But, you are less likely to know what you’re going to build and how you’re going to build it. User story mapping is the ideal technique to try and identify both the what and the how.
Story mapping doesn’t need to stop after discovery is complete. Once you have created a story map, you have an artifact of value that will help you understand your product, plan smarter, stay lean and communicate with stakeholders better.
With all that in mind, it can make a lot of sense to include story mapping as part of your development workflow. Why throw away that artifact?
For example, some teams like to use the story map for backlog refinement and sizing. Other teams use it as an initial prioritization tool before stories ever land in Jira or other backlog tools.
In this case, it allows you to keep tools like Jira a little cleaner — focusing more on the delivery side of things. The story map is then used as a planning and prioritization tool.
Check out our in-depth guide for more information on when story mapping should be used.
Once you feel comfortable with the template, you might want to explore some more advanced customization options.
- Click the top left square, to select all cells
- Click Format → Conditional Formatting
- Select a card format to change by clicking it
- Change the card colors and format
- Create your masterpiece 👩🎨
- Click Format → Conditional Formatting
- Under Show formatting rules for, click This Worksheet
- Select a row to change and click Edit Rule
- Under Format with: click Customized Format…
- Tweak until your heart’s content 💕
Remember that conditional formatting in both Excel and Google Sheets is specific to the tab / worksheet.
Use the zoom controls, instead of editing the font sizes to change the overall scale of the story map. This keeps everything in proportion, relatively.
For story mapping, the formula bar is not really a necessity. Try hiding it to give yourself more space and viewport for the story map.
Both Google Sheets and Excel support hiding the formula bar.
Personas load in the wrong place in Google Sheets occasionally. You can just hit refresh to fix this. Thankfully, this is not a problem in Excel.
This template does not support adding detailed story descriptions, or other metadata that can be useful when fleshing out your user stories.
There is no simple way to get stories from this template into tools like Jira, Trello and Azure DevOps. Data will need to be manually copied in.
Tagging, dependency mapping, attachments, decent comment chains are all out of scope with this template. We’ve focused on creating a robust, but basic story mapping experience.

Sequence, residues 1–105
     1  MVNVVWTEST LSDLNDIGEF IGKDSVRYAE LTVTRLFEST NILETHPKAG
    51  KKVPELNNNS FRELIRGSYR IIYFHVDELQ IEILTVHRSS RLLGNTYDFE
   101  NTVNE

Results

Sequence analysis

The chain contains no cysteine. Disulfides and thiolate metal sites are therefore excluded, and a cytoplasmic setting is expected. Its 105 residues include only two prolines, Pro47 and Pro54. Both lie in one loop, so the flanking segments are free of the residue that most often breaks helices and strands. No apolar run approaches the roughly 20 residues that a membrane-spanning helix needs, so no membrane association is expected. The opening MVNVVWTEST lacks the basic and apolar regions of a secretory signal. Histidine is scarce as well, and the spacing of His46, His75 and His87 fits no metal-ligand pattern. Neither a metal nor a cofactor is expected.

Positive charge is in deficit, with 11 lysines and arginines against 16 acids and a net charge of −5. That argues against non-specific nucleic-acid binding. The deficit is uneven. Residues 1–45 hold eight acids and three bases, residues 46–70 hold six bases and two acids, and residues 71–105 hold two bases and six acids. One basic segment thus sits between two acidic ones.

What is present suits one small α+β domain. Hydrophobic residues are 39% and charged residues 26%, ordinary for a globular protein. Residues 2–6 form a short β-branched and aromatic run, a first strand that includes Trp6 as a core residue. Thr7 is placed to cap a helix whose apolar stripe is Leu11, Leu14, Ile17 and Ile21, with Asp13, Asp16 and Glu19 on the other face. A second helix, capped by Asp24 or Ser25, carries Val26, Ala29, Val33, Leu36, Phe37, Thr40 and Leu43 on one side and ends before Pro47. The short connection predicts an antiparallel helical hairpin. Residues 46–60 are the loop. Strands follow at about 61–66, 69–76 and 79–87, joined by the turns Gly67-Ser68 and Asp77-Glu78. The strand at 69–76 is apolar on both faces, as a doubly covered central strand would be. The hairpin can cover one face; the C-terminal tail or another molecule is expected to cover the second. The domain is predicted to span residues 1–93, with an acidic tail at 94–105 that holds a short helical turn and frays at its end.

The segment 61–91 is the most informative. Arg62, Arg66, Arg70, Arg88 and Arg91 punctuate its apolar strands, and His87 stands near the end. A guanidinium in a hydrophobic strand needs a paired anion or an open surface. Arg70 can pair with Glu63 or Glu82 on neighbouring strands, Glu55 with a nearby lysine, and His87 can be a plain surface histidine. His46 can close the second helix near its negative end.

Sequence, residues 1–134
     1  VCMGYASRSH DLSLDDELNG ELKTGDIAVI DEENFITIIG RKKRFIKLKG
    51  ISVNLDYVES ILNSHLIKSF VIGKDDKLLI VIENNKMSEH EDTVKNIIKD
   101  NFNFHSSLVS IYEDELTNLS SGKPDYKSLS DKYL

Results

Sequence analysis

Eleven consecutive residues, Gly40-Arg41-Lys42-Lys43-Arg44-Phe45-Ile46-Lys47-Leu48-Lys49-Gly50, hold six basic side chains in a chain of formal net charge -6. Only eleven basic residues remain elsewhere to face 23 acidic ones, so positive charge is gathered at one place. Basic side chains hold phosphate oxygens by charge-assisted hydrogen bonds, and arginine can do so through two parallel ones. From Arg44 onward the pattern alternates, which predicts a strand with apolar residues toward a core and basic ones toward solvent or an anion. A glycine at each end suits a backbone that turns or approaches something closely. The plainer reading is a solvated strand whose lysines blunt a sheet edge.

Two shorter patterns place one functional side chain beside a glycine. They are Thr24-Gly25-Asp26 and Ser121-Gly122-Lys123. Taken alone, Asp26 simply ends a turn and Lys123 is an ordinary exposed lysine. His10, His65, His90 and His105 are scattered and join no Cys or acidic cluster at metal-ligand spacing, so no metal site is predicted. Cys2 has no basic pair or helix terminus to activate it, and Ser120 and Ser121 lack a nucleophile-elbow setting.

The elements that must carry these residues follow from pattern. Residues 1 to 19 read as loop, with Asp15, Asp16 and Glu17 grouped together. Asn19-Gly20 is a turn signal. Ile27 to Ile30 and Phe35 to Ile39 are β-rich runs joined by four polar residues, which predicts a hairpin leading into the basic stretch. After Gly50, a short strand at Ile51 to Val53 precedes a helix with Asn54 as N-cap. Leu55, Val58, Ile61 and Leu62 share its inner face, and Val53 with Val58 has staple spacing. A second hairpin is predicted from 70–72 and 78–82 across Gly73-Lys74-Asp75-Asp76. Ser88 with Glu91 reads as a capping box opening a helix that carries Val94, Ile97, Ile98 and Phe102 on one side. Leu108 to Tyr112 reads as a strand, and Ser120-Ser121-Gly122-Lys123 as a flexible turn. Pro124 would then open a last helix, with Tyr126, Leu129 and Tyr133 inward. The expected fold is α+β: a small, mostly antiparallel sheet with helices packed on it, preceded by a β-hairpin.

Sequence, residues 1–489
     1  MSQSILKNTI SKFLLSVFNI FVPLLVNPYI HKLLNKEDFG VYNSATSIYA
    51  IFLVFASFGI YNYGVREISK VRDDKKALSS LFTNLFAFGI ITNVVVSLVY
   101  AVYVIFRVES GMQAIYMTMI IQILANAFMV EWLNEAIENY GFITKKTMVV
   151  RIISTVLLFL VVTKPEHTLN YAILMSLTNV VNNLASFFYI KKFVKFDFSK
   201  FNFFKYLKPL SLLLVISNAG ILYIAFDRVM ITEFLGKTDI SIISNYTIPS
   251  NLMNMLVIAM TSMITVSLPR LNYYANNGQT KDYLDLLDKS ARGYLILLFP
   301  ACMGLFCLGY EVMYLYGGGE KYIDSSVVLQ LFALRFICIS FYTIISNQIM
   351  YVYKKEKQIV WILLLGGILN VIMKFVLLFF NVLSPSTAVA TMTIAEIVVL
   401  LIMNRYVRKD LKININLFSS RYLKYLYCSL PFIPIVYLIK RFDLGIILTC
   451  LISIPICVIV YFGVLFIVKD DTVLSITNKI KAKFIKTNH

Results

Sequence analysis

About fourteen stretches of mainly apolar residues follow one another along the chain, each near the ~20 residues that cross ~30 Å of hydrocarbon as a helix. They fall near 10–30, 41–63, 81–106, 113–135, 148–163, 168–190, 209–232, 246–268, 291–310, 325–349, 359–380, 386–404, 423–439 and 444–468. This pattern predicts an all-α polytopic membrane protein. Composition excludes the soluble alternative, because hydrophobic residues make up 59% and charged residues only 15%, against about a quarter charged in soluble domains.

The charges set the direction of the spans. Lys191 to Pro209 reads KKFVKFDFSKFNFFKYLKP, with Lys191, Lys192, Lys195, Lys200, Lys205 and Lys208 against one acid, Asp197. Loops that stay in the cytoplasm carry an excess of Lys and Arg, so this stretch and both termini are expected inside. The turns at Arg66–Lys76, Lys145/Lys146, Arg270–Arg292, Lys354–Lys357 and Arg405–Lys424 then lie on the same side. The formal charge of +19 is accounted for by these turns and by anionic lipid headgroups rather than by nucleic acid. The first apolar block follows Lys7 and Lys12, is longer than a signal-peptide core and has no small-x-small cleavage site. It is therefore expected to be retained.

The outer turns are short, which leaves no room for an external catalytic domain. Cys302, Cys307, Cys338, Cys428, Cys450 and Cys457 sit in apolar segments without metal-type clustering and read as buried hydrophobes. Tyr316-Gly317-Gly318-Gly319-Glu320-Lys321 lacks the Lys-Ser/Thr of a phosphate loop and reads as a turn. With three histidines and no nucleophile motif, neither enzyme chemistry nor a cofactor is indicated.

Be aware that this template is only touching the tip of the iceberg in regard to story mapping. If you want to get more from the technique and address the limitations of this template, you should a better tool for the job.
Why not try a dedicated story mapping tool?
Avion is a story mapping tool made for remote and hybrid product teams and follows a similar structure to this template, with much, much more! Try Avion for free today.
What is a user story map?
What are the benefits of story mapping?
- Build shared understanding
- Bring the product team together
- Transform big ideas into development plans
- Encourage smaller releases and shorter release cycles
- Inspire lean thinking and discourage over-building
- Facilitate more productive prioritization with stakeholders
- Onboard new team members better
- Separate your product backlog from your sprint backlog
- Product managers are creators. They’re problem solvers. They facilitate solutions that people value.Read more
Lean Agile – Bringing Them Together To 5x Your DeliveryLean and agile have a lot of similarities. They both focus on rapid, iterative development in order to deliver value to customers faster and avoid wasted development time by producing unnecessary features.Read more
Use Cases vs User Stories. What Are The Differences?Whilst user stories and use cases were both designed to describe the expected system behavior from a user's perspective they are two very different tools. And whilst they do share similarities they have far more differences. Let's dig in.Read more